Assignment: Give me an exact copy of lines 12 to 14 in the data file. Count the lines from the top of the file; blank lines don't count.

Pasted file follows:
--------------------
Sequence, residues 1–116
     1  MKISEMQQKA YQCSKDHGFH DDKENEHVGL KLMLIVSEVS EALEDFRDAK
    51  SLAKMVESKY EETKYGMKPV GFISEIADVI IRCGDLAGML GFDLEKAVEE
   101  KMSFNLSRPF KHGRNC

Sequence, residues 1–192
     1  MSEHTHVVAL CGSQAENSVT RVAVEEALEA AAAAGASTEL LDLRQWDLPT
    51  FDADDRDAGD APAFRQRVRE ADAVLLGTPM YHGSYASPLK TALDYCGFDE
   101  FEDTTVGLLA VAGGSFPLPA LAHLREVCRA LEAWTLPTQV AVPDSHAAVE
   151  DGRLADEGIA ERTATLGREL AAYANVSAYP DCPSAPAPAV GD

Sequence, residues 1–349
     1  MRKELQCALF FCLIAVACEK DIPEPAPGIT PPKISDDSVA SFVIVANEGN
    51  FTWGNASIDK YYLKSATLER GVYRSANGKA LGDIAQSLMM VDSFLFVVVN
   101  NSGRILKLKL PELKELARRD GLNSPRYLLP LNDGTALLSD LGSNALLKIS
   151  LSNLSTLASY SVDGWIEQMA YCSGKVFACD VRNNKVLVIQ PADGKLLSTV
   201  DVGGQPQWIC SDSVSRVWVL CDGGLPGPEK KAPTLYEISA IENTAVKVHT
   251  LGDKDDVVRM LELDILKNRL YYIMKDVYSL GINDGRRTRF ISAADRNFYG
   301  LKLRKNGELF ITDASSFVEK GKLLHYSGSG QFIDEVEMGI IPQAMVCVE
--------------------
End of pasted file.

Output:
    51  FTWGNASIDK YYLKSATLER GVYRSANGKA LGDIAQSLMM VDSFLFVVVN
   101  NSGRILKLKL PELKELARRD GLNSPRYLLP LNDGTALLSD LGSNALLKIS
   151  LSNLSTLASY SVDGWIEQMA YCSGKVFACD VRNNKVLVIQ PADGKLLSTV